This is a Linear Differential Equation of First Order , usually

taken as, #dy/dx+yP(x)=Q(x)#.

To find its General Soln. , we need to multiply it by the Integrating

Factor, i.e., IF , given by, IF #=e^(intP(x)dx)#.

In our Example, #P(x)=-3cotx, so, intP(x)dx=int{-3cotx}dx#

#= -3lnsinx=lnsin^(-3)x rArr e^(P(x)dx)=e^(lnsin^(-3)x)=1/sin^3x#.

Multiplying the Diff. Eqn., by #1/sin^3x#, we get,

#sin^(-3)xdy/dx-3ycotx/sin^3x=(sin2x)/sin^3x#

#:. sin^(-3)xdy/dx-3ycosxsin^(-4)x=(2sinxcosx)/sin^3x=(2cosx)/sin^2x#

#:. sin^(-3)xd/dx(y)+yd/dx(sin^(-3)x)=2cotxcscx#

#:.d/dx{ysin^(-3)x}=2cotxcscx#

Integrating, #ysin^(-3)x=2intcotxcscx+c=-2cscx+c#

#:. y+2sin^2x=csin^3x,# is the reqd. Gen. Soln.

To find the Particular Soln. , we utilise the Initial Condition :

#y=2," when "x=pi/2#.

Sub.ing in the Gen. Soln., we get, #2+2=c=4#

Hene, the P.S. # : y+2sin^2x=4sin^3x#

Enjoy Maths.!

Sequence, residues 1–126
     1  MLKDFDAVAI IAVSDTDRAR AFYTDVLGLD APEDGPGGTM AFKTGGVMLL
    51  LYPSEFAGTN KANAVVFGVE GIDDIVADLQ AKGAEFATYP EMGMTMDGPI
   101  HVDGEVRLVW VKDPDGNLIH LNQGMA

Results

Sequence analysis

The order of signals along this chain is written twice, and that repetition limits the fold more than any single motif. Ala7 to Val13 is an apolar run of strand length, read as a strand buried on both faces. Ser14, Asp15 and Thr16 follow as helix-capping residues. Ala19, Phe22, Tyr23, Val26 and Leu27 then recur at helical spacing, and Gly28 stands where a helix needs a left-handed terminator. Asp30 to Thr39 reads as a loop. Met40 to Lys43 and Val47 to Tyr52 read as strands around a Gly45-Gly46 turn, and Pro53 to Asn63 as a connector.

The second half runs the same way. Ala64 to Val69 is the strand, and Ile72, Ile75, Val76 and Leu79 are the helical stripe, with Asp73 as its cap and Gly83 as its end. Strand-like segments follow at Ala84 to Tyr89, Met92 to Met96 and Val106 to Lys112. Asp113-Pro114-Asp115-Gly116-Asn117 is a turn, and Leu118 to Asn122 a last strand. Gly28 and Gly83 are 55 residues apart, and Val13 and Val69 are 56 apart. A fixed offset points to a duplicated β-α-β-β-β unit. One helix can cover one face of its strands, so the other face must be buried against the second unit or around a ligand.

Answer:

The series:

#sum_(n=1)^oo ((n!)^2)/((kn)!)#

is convergent for #k>=2#

Explanation:

The ratio test states that a necessary condition for a series #sum_(n=1)^oo a_n# to converge is that:

#L= lim_(n->oo) abs (a_(n+1)/a_n) <= 1#

if # L < 1# the condition is also sufficient.

In our case:

#abs (a_(n+1)/a_n) = ((((n+1)!)^2)/((k(n+1))!))/(((n!)^2)/((kn)!)) = (((n+1)!)^2)/((n!)^2) ((kn)!)/ ((kn+k)!) = (n+1)^2/((kn+k) (kn+k-1)...(kn+1))#

Now we have that:

  1. For #k= 1#

#lim_(n->oo) abs (a_(n+1)/a_n) = lim_(n->oo) (n+1)^2/(n+1) = lim_(n->oo) (n+1) = +oo#

and the series is divergent.

  1. For #k= 2#

#lim_(n->oo) abs (a_(n+1)/a_n) = lim_(n->oo) (n+1)^2/((n+2)(n+1)) = 1#

and the test is inconclusive, so we have to look at the series in more detail:

#sum_(n=1)^oo ((n!)^2)/((2n)!) = (n(n-1)(n-2)...2*1)/ (2n(2n-1)...(n+1)#

We can note that the numerator has #n# factors from #1# to #n# and the denominator has #n# factors from #n+1# to #2n#, so ordering them appropriately we have: